Area Control & Repositioning
If there are more enemies on the battlefield than can be trapped in the dome or sphere form, the spellcaster can use the long wall to separate a part of the battlefield.
Depending on the terrain, this method could completely lock down the enemy, such as by blocking off a corridor. If it doesn’t, it can at least help you change the areas of battle to your advantage.
You could put the wall in a way that makes it easier for enemies to get to you, slowing them down or even stopping them in their tracks.
With some help from your party, you can place your wall of force so that enemies are all in one area. This makes them easy targets for allies with abilities that affect a large area.
In a pinch, you could even force an enemy to move by having the wall cut through the creature’s spaces. You decide which side of the wall they get pushed to.
This part of the spell can help you separate enemies, but if you plan ahead, it can also help you separate an enemy from his or her group, since you and your allies can usually handle them better on your own.
Even when not in battle, being able to block off areas and force other creatures to move can be very useful.
Especially when running away from people who are chasing you.
The Invisible Platform
Since a spellcaster can create a wall of force anywhere and turn it in any direction, it can be used to get around obstacles in space.
During a fight, the wall of force can create a platform far away that your enemies can’t easily reach or break through.
This use is most helpful for people who use attacks from a distance, and it forces opponents to do the same.
A wall that can be up to 100 feet long also gives you more options for moving around and getting around.
For instance, you can build a wall to cross huge gaps, like between chasms, or to get around whole buildings in more urban areas. You can also build a ramp, which is more likely to help you slide down from high places than help you climb.
Of course, you have to realise that most people will find it very strange to see you walking on an invisible wall.
Creativity & GM Rulings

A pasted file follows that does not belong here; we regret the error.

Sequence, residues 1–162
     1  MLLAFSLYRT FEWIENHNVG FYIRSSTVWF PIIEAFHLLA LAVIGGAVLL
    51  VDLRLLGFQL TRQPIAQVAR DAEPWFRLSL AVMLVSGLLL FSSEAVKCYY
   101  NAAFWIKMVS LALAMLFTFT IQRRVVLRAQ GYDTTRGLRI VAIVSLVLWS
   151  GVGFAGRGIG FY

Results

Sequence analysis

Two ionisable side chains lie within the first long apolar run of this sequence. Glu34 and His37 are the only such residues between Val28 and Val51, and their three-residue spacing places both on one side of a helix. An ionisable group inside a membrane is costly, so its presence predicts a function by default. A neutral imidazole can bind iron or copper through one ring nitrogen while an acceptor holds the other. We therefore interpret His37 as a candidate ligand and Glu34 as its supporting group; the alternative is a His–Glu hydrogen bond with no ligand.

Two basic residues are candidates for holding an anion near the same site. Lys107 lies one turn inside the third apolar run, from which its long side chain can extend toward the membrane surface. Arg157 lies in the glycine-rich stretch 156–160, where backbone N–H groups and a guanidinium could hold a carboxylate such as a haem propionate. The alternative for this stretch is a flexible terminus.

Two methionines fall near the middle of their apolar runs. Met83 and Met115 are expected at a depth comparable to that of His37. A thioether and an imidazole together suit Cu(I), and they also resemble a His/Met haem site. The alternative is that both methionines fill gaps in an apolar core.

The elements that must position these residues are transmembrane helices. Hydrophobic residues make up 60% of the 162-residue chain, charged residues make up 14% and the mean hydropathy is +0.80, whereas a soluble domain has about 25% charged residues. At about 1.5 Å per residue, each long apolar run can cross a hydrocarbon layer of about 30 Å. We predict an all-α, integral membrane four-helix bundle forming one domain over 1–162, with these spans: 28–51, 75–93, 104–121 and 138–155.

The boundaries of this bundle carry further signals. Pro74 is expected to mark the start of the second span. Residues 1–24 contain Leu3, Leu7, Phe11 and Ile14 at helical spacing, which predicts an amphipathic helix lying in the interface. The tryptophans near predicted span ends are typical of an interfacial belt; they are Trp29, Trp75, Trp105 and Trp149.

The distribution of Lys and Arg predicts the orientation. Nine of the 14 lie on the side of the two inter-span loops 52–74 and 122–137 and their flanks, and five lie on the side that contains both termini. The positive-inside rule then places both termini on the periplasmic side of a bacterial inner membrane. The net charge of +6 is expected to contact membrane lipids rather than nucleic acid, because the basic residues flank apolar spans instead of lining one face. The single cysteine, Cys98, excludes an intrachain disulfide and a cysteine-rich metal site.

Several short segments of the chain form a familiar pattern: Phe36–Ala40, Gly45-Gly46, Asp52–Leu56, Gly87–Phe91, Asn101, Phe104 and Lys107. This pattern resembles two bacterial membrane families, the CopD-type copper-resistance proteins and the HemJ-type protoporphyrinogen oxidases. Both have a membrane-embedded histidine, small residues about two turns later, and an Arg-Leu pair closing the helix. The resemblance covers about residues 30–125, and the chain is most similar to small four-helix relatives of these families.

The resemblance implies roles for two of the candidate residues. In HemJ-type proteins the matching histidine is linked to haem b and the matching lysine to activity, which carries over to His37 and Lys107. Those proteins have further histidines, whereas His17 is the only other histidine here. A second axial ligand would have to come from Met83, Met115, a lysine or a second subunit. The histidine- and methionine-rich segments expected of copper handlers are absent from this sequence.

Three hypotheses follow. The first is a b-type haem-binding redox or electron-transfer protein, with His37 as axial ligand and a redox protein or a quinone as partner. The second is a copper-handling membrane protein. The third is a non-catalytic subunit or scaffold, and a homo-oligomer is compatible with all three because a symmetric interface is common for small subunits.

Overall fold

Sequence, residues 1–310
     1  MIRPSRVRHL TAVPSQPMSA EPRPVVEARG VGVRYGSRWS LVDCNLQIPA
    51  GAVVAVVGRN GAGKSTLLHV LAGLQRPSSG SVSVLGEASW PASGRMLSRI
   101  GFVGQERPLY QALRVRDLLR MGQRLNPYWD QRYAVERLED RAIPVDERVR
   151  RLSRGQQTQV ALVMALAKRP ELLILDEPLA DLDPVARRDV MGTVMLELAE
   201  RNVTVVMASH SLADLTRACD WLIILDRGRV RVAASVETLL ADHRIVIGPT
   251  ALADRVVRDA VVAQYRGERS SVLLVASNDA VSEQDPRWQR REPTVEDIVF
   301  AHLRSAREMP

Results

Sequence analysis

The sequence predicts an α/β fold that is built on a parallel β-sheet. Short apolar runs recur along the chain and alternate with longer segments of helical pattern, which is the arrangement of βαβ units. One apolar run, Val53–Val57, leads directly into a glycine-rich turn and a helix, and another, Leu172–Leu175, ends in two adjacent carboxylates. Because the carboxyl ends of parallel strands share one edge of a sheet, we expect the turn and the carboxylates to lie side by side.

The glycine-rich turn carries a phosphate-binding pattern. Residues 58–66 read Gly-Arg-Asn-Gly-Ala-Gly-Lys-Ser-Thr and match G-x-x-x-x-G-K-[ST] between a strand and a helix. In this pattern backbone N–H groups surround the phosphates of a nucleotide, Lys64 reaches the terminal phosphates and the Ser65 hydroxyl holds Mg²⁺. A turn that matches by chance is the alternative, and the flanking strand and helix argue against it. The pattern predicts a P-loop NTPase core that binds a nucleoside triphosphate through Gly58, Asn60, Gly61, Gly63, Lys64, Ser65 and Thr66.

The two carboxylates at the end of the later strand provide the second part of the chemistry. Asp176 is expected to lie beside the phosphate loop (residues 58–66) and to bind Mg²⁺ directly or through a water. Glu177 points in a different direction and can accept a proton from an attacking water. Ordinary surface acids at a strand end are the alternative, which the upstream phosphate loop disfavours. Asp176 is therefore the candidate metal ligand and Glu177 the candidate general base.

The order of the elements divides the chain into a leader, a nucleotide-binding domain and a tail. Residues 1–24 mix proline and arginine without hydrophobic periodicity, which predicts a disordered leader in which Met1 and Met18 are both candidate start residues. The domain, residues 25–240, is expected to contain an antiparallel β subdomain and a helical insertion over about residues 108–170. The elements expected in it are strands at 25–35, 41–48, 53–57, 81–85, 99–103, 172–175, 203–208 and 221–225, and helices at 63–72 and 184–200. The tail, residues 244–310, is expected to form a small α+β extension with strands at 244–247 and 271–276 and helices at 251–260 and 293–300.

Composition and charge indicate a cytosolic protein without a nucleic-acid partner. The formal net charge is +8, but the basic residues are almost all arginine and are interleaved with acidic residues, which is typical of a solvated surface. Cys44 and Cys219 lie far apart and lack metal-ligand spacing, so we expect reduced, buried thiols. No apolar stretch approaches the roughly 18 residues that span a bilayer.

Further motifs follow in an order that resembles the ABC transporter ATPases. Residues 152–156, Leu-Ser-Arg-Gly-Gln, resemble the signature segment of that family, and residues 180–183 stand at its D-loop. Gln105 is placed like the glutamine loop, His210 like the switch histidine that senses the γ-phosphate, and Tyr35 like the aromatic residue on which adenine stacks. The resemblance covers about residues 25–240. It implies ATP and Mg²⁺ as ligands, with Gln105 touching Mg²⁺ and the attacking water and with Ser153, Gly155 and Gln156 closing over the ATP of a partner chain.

Wall of force is one of the spells that can be used in many different ways.
For instance, putting up an invisible wall in front of charging cavalry can make the spellcaster laugh out loud.
Or maybe your Bard wants a stage in the middle of the sky that no one can see.
Due to the fact that the wording is a bit vague, a caster might be able to get away with some implied uses.
Since the spell doesn’t say that it doesn’t work that way, you could crush a creature stuck between a wall of force and another solid surface. But this way of figuring out what words mean might not always work because it only looks at the words (or lack of words) in a spell and not at what it was meant to do.
So, these interpretations still depend on how each gaming group sees them, especially what the GM says.
If you come up with something that pushes the limits of the spell, or even if it’s just something really cool, you should try to get your GM’s opinion on it, since they’ll be the ones who decide how you use the spell in your game.
Who Should Take This Spell?
Instead of suggesting builds, it’s better to just say that wall of force is a spell that any spellcaster should have in their arsenal.
Most especially if they want to give control on the battlefield or use outside of battle.
Even though wall of force doesn’t do damage directly, it can set up situations that give your group of adventurers the upper hand.
Its many forms make it useful in many ways. And an adventuring group is likely to run into situations where wall of force can make a problem easier to solve or even make it go away.
Wall of force is a powerful and flexible spell that can be used in a variety of situations.
Whether you’re using it to trap enemies, deflect attacks, or create temporary barriers, it’s a useful tool to have in your arsenal.
Just remember to keep in mind its limitations, such as its inability to block non-physical effects and its visibility only to those who can see invisible objects.